Friday, September 28, 2012

The Massive: A review

Brian Wood's (lead writer) The Massive (#1#2#3 reviewed) is a comic book series set in the near future after a series of dramatic somewhat mysterious ecological catastrophes.  It is set on the Kapital, a small ship owned by the activist environmental group, Ninth Wave, and captained by Callum Israel.  It is a post war, post-crash, post disaster, post-everything world where their previous idealism is starting to look a little out of place.  This is a flip on some of the earlier international reviews, we have an American thinking about what a collapse in the rest of the world might look like.

Cover to #2, choosen because it looked more apocalyptic - The city is Hong Kong.
Brian Wood is well known within the comic world as an "indie" superstar, or at least presence.  His most famous work appears to be DMZ,  an apocalypse-in-progress set in Manhattan after a massive militia-style uprising.  The publication of this series by Dark Horse Comics seems to be bringing the "indie" more into the mainstream.   I saw a reviewer comment to this effect, but my own experience confirms the statement.  When I bought number one and two through E-bay because I had a hard time figuring out which comic book venders were legitimate, and could not find it at Amazon at that time.  While there is a bit of the comic book action adventure sensiblity to the preceedings, the author has done his research, and the look and feel are excellent.
Cover of first issue, showing Kapital.  Regardless of cover it is a trawler, not an ice breaker.

The story line has a little bit of a road warriors on the ocean feel to it.  Their ship, the Kapital, is largish trawler with a helipad on the back deck, but no armament other than a hunting rifle they have on hand.  The group is attempting to maintain their eco-liberal pacifist stance (easy to do if all you have is a hunting rifle), but it is not working out real well for them.  Some retrospective scenes, and some faux government-style document sheets are used to fill in some of the details, but the action starts with them in a fog bank off Kamchatka (a favorite location of mine from the game Risk) and some small boats the radar screen headed their way: unfriendly small boats.

Throughout there is a little mayhem, and a lot of personal tension, as the unhappy activists look for their lost friends, and wanting to eventually get home.  Only one member of the crew, a minor character, is American.  Home for the rest is scattered all over the globe.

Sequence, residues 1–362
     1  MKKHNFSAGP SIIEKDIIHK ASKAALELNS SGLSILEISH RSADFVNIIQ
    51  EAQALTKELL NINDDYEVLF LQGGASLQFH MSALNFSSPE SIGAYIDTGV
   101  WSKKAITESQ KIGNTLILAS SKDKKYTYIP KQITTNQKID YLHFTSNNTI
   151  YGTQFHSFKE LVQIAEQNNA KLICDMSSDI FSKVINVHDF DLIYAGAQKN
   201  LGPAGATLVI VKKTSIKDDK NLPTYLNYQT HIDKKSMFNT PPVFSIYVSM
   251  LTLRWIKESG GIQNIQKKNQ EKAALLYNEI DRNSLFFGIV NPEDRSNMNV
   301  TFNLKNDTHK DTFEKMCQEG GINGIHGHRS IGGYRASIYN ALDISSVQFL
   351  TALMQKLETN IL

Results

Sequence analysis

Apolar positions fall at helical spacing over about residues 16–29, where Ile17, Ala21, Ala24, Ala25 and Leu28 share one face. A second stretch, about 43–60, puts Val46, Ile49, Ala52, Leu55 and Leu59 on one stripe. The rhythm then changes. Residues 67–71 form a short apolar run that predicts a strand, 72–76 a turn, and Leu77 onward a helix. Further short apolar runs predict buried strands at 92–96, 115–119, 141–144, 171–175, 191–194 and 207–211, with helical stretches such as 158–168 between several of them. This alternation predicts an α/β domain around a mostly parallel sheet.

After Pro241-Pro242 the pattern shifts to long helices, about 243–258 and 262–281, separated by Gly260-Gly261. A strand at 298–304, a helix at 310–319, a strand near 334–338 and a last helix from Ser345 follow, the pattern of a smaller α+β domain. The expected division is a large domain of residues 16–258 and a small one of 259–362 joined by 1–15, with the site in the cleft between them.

It feels a little odd reviewing such a small portion of a larger story, but that is the nature of the beast with comics.  The artwork is very well done, and the slightly over-the-top nature of some of the action isn't too distracting.   Nobody is shooting webs, or psion blasting anyone.  Just speedboats, and a little karate-chopping.  It has a little bit of a left wing-PC world view going, but so did the old Spiderman comics.  I am not sure if I am going to continue with the series. After #1 and #2, I was encouraged.  But #3 got a little more PC, with the crew arguing the merits of passivity.  A handful of eco-activists motoring around the globe using up the last of the rare refined fuels, and they are worrying about being overly aggressive with a hunting rifle.  I may not continue the adventure. 

For our descriptive (versus qualitative) ratings - readability and realism - 1 to 7 with 7 being high.

As is expected of a near future story based around a ship, realism is relatively high. The illustrations are done in an illustrative, rather than stylized fashion.  Our heroes do worry about supplies.  There are enough drifting wrecks to get fuel from for the time being, but it is clear they expect supplies to get tighter.  They are in a tight spot, and it is not clear how they are going to recover. The odd nature of the catastrophe,  a sort of cosmic ecological event, is only semi-realistic, but as our rules go, we don't count crash-scenario plausibility.  However, the storyline is slightly heroic, and slightly condensed narrative required of the format looses some of the immediacy.  One notch below the maximum: a six.

Readability.  It is almost unfair.  It is very visual, and it is often a page turner.  You will catch a few details on the reread.  For instance, in an aside, the not the sinking of a U.S. Fleet.  The blurry ship sinking however, has the very distinctive turret outlines of a Bismark class battleship.  Comic books are an easy read: a 7.

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